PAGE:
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British PM to Reform Education System | ASHARQ AL-AWSAT English Archive 2005 -2017
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British PM Theresa May watched experiments in a lab at a school. AFP

London – British Prime Minister Theresa May announced she has a “personal mission” to increase the capacity and diversity of the school system which is divided into two categories: poor pupils in free official schools and rich in private and grammar schools who graduate to join elite universities afterwards.

The PM announced the new “Spring Budget” will provide$635 million to free schools so that they will continue to open into the next Parliament’s term.

The budget will fund up to 140 new schools, creating well over 70,000 new places, to take the total number of them to more than 800.

“But to give every young person in Britain the best possible start in life also requires a solid ground in academic subjects from the very beginning. So this Spring Budget will continue my mission to make Britain the world’s great meritocracy with a good school place for every child,” May announced.

Many of those schools could be selective as they will open when May’s major grammar schools expansion kicks in starting 2020. The plan for the schools, which are independent of local authorities, will also include payment for the public transport fees or the allocation of minibuses for kids from struggling families to go to grammar schools that are between two and fifteen miles from their homes.

The help will be made available to children on free school meals or whose parents claim the Maximum Working Tax Credit.

May hopes the schools will provide education to all students of all social statuses, adding that: “The brutal and unacceptable truth is that for far too many children in ordinary working class families, the chance they have in life is determined by where they live or how much money their parents have.”

The latest budget set for the education program includes $270 million set aside to rebuild and refurbish existing schools to meet the 21st century requirements.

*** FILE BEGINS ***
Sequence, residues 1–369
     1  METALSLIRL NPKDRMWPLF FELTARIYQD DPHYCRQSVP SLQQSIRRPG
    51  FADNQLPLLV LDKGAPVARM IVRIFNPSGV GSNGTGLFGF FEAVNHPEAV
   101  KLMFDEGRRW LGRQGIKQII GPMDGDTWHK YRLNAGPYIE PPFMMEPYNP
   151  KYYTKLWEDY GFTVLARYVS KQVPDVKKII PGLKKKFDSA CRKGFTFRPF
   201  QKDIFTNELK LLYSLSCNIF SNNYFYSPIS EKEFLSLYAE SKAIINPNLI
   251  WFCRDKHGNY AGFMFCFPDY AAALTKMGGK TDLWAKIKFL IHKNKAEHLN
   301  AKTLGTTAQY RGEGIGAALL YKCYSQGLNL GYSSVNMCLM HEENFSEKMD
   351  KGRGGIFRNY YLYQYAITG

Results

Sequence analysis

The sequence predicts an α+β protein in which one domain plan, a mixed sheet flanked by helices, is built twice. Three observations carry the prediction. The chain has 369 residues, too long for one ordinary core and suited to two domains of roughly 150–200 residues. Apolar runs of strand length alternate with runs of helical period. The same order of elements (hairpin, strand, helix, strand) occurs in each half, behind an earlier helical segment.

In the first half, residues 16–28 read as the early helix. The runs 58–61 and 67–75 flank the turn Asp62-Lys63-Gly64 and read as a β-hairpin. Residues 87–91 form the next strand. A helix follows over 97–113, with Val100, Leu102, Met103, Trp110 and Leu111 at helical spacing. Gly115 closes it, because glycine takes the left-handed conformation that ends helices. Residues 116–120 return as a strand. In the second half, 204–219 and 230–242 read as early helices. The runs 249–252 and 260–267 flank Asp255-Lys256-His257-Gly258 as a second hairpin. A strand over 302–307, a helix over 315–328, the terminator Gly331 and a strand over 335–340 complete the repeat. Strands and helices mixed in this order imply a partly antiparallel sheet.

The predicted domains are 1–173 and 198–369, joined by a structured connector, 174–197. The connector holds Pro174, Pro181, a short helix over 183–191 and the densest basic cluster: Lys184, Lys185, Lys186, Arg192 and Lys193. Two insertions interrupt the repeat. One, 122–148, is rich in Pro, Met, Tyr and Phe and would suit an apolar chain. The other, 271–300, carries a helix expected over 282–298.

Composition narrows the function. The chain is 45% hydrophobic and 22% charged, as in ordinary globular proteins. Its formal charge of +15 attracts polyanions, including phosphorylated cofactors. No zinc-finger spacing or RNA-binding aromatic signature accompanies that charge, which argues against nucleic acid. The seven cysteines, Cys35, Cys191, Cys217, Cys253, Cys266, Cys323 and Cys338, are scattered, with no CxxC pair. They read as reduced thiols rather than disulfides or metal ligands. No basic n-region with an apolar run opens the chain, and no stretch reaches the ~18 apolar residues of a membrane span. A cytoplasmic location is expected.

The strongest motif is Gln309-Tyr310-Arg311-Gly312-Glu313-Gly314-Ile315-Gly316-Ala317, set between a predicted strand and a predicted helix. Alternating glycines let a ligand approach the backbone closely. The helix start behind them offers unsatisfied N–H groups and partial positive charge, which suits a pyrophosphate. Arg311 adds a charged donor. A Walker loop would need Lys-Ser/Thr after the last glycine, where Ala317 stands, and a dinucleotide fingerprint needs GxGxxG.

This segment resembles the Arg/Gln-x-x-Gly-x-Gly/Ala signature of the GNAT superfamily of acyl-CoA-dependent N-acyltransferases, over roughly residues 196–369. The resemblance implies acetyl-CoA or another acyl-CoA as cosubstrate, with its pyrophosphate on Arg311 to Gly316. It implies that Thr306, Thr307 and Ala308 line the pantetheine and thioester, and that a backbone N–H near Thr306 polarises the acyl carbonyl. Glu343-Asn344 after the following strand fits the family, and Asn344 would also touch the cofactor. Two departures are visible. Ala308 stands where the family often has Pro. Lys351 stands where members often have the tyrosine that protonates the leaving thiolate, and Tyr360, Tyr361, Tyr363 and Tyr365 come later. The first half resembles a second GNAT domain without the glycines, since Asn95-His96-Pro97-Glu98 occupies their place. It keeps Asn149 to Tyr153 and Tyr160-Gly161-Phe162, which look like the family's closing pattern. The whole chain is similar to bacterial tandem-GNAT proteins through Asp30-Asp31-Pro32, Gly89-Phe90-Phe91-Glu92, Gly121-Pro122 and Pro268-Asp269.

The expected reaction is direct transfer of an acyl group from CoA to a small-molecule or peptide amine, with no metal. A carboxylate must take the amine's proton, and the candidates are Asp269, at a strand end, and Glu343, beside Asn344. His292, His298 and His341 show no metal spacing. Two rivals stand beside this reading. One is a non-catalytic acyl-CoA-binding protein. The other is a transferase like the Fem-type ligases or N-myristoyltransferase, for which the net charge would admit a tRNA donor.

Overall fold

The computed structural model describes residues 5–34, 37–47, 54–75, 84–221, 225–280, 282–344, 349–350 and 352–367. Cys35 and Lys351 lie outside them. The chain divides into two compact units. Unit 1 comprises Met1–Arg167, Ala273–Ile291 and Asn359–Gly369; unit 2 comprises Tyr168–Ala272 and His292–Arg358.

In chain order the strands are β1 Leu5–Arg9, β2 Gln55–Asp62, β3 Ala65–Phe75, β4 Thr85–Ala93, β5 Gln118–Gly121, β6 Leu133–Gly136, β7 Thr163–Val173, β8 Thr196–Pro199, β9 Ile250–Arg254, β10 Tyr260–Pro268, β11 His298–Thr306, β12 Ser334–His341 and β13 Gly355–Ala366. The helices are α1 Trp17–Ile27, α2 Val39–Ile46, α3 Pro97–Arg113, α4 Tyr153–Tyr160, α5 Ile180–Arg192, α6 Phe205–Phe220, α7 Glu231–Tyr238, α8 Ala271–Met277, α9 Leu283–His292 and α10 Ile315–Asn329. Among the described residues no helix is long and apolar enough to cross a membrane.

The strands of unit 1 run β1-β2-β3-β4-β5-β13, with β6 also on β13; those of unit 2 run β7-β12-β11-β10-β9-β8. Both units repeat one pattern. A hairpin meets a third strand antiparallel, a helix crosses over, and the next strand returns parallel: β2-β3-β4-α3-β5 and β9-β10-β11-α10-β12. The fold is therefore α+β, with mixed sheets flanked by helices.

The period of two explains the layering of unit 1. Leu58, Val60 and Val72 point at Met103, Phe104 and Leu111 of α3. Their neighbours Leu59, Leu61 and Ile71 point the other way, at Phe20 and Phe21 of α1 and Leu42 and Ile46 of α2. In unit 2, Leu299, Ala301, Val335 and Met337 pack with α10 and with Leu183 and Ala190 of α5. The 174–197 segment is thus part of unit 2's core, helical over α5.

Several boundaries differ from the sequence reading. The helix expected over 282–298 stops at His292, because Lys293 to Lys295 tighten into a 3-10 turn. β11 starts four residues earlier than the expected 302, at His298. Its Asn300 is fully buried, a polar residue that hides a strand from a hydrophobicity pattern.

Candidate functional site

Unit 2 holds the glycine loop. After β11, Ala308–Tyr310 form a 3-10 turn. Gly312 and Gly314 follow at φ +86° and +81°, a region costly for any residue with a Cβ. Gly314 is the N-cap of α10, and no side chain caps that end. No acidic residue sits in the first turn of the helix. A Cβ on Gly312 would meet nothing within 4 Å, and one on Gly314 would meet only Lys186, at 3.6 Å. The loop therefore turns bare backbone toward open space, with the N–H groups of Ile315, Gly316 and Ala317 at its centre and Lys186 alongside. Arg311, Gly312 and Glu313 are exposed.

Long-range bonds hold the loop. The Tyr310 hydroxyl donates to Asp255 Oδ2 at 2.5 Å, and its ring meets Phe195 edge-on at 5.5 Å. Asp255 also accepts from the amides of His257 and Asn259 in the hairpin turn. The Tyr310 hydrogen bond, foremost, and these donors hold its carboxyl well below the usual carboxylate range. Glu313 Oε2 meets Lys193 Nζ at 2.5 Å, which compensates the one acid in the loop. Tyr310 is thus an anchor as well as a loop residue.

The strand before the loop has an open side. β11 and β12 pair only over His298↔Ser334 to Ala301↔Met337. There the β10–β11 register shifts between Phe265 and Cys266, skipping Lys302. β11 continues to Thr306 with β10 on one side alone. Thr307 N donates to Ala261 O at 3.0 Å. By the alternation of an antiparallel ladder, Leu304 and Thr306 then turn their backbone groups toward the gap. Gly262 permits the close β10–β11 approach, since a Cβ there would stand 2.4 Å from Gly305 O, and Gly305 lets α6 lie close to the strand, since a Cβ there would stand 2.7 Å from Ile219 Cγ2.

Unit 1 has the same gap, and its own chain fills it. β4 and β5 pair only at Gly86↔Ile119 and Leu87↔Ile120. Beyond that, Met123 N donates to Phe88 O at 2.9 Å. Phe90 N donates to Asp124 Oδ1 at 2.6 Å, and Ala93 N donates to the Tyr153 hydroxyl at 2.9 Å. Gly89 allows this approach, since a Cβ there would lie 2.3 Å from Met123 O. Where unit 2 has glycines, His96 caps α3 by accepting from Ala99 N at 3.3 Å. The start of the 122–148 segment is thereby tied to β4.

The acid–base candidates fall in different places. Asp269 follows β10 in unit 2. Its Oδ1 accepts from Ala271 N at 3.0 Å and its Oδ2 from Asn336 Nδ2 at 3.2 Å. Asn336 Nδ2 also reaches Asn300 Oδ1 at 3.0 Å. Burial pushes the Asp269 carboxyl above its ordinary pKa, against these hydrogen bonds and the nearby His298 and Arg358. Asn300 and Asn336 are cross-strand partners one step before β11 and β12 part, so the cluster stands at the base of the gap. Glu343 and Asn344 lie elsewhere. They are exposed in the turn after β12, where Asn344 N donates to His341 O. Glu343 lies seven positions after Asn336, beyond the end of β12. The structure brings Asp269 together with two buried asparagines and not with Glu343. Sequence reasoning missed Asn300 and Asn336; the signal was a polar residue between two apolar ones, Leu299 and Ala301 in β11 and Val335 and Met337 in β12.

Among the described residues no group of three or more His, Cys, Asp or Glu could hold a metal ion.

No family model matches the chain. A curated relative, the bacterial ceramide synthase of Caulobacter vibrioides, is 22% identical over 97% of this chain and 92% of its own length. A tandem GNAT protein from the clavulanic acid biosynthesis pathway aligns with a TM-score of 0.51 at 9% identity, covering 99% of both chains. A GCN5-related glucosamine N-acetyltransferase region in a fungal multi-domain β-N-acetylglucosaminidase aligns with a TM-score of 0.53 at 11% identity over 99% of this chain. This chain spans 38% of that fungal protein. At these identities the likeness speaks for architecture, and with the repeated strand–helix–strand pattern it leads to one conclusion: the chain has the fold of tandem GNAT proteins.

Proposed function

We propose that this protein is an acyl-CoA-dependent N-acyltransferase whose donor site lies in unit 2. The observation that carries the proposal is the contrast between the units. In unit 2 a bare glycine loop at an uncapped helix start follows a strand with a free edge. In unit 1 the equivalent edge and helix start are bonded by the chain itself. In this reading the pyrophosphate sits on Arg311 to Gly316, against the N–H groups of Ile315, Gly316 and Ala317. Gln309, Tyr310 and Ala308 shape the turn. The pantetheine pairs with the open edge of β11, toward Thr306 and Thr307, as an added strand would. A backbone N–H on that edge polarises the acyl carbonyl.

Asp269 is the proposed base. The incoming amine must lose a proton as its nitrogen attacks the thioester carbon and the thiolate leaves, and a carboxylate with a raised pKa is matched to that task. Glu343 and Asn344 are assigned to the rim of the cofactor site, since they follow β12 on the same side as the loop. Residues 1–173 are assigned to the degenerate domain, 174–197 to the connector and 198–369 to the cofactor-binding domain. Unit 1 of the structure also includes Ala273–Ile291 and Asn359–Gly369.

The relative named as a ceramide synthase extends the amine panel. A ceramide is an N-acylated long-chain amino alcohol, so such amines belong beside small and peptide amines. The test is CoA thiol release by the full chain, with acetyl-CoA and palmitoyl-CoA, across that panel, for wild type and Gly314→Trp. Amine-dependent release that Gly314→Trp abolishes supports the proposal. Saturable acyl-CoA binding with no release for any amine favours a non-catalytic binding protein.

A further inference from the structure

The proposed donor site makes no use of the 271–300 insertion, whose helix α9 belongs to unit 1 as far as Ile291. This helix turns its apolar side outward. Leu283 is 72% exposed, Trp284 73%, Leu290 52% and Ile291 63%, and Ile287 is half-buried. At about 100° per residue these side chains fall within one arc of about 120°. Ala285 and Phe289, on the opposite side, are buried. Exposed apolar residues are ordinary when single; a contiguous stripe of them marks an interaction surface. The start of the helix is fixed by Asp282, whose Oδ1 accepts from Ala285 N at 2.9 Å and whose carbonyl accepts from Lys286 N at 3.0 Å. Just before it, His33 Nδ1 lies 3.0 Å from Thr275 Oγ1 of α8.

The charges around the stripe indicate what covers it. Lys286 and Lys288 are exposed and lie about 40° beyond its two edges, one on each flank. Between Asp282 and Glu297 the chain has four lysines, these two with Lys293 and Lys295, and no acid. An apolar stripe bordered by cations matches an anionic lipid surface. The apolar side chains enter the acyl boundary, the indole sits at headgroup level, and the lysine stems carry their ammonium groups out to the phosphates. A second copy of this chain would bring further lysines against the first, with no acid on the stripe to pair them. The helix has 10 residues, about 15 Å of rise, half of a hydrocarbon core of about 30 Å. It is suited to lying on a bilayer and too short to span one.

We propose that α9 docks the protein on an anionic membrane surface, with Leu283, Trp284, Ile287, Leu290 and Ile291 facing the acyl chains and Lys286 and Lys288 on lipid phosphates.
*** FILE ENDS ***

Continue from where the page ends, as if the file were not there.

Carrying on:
This step comes as the UK prepares to leave the European Union and aims to show that the country will be more concerned with local issues like education and health.

May added that the current educational system decides that children’s future is “based on house prices and parental income, because when you are working two jobs and struggling to make ends meet, it is no good being told that you can choose a better school for your children by moving to a different area or paying to go private. These are not choices you can make – and they are not choices you should have to make.”

According to May, the new budget will remove the barriers that prevent more good faith-based free schools from opening, and it will enable the creation of new selective free schools so that the most academically-gifted children get the specialist support to fulfill their potential regardless of their family income or background.

The government will publish the reform plan in the coming few weeks in what it called the “White Paper” during which its details will be explained. The government hopes this will end the ban posed by the Labor Party on establishing new grammar schools which has been effective since 1998.

The Budget is still considered limited as it will create 70,000 new places at the schools compared to 8.4 million in current schools. However, the Budget will confirm the government is pressing ahead with opening a total of 500 new free schools by September 2020, with 30 more on the way and a further 110 in the next Parliament.

May will today defy fierce criticism of huge waste in the “free schools” program with the Labor accusing the government of “throwing more good money after bad” while the Liberal Democrats described it as an unbelievable decision in the face of “devastating cuts to school budgets”. Conservatives believe that spending the money on all British schools will be more beneficial than just on private grammar schools.

Britain’s grammar schools are considered one of the oldest educational systems in the country dating back to the middle ages, where they specialized in Latin. Other specialties, like languages, math, history and geography were later added. It is considered a specialized academic school and provides better results than regular high schools in the UK.

During the Victorian age, grammar schools were reorganized in Britain and Wales, while Scotland developed its own educational system.

During the 1960s, some grammar schools chose to turn into independent private schools, while others were integrated with comprehensive schools and became part of the public system.

There are only about 163 grammar schools in England and a further 69 grammar schools in Northern Ireland.